She could be a standby for Greenwich Mean Time because her belly tells time down to the minute. If I’m late, she goes to the kitchen, gets her bowl and brings it to me. Not very subtle, but highly effective. She knows the difference between “baby,” “ball” and “bone” when it comes to her toys and can almost take paint off the wall when she throws her head back and howls at the person who dares to walk on the sidewalk in front of her house. She is fiercely protective and ridiculously affectionate. If you’re outside, she can sound positively vicious but if you are invited indoors, the butt never stops wiggling.
I know that none of these traits are particularly extraordinary for a dog. It’s just their nature. But it’s their ability to remain consistent with these traits that’s so overwhelming. There’s no passive aggressive game playing, no playing it cool. If they love you, they simply must show it. They forgive immediately, and then it’s over. There’s never a day where Indi’s just not feeling it, where she needs some space. Never a day when she can’t get past the fact that I scold her for getting into the trash or chewing a piece of paper I left lying around. She is just always, always there, and she has been there through all of it, good and bad.
The humdrum days when it’s just dishes and laundry and sitting on the porch. The lazy days of long walks and afternoon naps or car rides with those giant ears flapping in the wind. Or back during the days of constant despair after my miscarriages, lying on the couch, crying for longer than seemed possible, with her laying in the crook behind my knees, her chin resting on my leg. Not doing anything, but there. That presence – especially during and throughout the really hard times – is what puts her so distinctly among the most intense memories of the last nine years. And what makes my stomach queasy at the thought of that not being the case forever.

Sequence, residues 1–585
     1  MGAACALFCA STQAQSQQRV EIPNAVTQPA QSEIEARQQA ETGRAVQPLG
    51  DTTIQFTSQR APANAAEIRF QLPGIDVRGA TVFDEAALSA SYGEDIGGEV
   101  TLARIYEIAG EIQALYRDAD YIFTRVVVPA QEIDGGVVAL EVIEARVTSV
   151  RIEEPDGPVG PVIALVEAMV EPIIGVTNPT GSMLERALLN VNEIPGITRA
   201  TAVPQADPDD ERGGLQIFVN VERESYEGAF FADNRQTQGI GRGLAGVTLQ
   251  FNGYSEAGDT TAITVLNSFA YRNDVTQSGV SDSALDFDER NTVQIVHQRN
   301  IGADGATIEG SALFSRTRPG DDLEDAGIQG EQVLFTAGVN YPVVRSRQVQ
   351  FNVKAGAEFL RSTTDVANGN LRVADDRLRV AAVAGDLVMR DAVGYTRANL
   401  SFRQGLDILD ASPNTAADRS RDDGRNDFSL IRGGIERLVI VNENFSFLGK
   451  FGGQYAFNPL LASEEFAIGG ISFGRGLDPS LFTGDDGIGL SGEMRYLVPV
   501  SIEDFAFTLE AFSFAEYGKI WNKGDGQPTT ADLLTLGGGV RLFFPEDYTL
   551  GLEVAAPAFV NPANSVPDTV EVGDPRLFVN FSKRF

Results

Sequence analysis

I know she didn’t survive those things too, but she lived alongside me while I survived them and so I can’t separate her from any of it. I was there/she was there. We were there and her very presence was the closest thing to total acceptance of who I was at any given moment that I’ve ever known. Days when I was in a fog, she was there. When I couldn’t see beyond the next hour, much less the next day or week or year, she was there. Inching along with me, always remaining at my pace, never demanding more than I could give.
She made (and continues to make) my day-to-day life better. These days if I decide to go home at lunch, I get the greeting of a celebrity and the explicit message that I am pretty great simply because I exist. And four hours later when I walk back in the door, the whole process starts anew and I am pretty great all over again.
It makes me utter this prayer an awful lot. Of course I’ll never achieve it, but it’s a worthy goal.
So is it coincidence that “dog” is just “God” spelled backwards? Probably.
Clearly Adam wasn’t naming God’s creations in English, so he wasn’t sending any secret, ironic message. But I smile when I think… maybe God was.
Because when I think about who is best able to reflect back the most of God’s loving and forgiving qualities, it isn’t me, or my friends, or my family I think of. It’s my dog.